The film was directed by Richard Attenborough and starred Pierce Brosnan. It has a score of 6.0 on IMDB. The production cost $30,000,000 and grossed a little over half a million. Ouch.
Now at this point you may be asking yourself: aren’t there any semi-respectable Canadian-oriented films out there? There are some films cakers claim are “Canadian” because they have a Canadian actor, director or producer. However for the purpose of this list I’m only examining films set in or regarding Canada.
The Shipping News (2001): A film about a traumatized father who brings his daughter to Newfoundland; a big budget flick with some big names: Kevin Spacey, Julianne Moore, Judi Dench and Cate Blanchett. It’s based on a novel and managed to win two awards from “Florida Film Critics” and “National Board of Review”.
The Sweet Hereafter (1997): I’d never heard of this film but apparently it had some success. It’s based on a novel about a car crash in a small town and its aftermath. The location was moved from New York (novel) to BC (film). It was nominated for two Academy awards; it also won awards from Cannes and some film critics.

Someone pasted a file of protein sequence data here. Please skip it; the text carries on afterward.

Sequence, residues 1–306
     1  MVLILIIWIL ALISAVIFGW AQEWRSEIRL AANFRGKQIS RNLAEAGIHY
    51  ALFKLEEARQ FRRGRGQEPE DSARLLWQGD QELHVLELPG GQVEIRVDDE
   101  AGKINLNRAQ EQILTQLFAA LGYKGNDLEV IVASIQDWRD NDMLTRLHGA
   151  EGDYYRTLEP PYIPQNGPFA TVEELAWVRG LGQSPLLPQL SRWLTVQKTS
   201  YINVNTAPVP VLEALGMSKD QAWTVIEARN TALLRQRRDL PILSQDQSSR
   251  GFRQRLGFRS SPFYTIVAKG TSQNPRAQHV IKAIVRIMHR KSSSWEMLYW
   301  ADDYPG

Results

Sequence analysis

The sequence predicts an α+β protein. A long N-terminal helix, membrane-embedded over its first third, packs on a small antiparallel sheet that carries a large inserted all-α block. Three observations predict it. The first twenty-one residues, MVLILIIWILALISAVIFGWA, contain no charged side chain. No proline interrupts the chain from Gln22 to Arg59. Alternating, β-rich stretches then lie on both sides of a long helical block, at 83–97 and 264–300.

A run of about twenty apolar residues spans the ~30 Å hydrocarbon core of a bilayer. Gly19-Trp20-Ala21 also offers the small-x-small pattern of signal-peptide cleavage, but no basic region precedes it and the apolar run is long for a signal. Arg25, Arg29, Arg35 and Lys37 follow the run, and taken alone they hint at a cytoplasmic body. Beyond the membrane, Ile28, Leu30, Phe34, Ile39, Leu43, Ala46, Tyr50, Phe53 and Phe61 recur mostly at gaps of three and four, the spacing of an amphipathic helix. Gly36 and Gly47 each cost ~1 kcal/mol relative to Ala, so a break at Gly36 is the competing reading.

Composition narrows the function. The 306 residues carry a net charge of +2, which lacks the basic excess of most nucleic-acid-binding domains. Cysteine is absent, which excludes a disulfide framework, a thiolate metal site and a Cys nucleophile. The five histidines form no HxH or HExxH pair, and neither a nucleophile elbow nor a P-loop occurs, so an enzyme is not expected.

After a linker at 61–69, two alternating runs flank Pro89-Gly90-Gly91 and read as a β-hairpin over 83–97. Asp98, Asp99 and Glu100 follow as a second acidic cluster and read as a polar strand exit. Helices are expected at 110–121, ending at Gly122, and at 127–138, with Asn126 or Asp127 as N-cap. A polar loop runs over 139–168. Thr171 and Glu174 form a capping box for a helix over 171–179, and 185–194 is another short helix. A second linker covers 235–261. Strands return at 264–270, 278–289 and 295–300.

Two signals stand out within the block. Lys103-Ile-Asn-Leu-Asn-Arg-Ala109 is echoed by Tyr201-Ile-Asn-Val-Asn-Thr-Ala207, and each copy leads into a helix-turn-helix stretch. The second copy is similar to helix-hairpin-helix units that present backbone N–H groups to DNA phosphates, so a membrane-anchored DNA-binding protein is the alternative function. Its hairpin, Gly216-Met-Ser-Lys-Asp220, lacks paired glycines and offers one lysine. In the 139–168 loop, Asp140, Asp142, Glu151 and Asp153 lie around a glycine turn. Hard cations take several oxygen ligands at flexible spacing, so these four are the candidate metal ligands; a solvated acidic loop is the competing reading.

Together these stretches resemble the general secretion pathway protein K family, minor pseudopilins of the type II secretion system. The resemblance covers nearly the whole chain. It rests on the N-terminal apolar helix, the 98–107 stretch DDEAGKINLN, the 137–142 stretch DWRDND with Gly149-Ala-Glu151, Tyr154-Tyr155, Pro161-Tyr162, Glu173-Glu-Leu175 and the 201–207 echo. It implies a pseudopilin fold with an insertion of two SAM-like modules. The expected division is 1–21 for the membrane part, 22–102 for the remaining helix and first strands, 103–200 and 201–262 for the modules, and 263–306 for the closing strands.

One Week (2008): A man with terminal cancer (played by Joshua Jackson) goes on a motorcycle trip across Canada. I’ll venture a guess and say he didn’t stop for any hillbilly towns or third-world reserves. Let me guess: scenic stops?
Men with Brooms (2002): Do you enjoy curling? Me neither. Want to watch a two-hour film about it? It stars everyone’s favorite fictional RCMP officer Paul Gross, and Leslie Nielsen. Premise: four men reunite as a curling team in northern Ontario. Estimated budget: $7,500,000. Opening weekend gross in the US: $14,765.
Polytechnique (2009): Tells the true story of a nutty misogynist who went on a woman killing rampage at a Quebec college in 1989.
Are there any films set in Canada that I recommend? I can think of only one that I’ve seen myself and thought decent: Black Robe (1991). It’s about a priest trying to convert the Algonquin Indians to Christianity.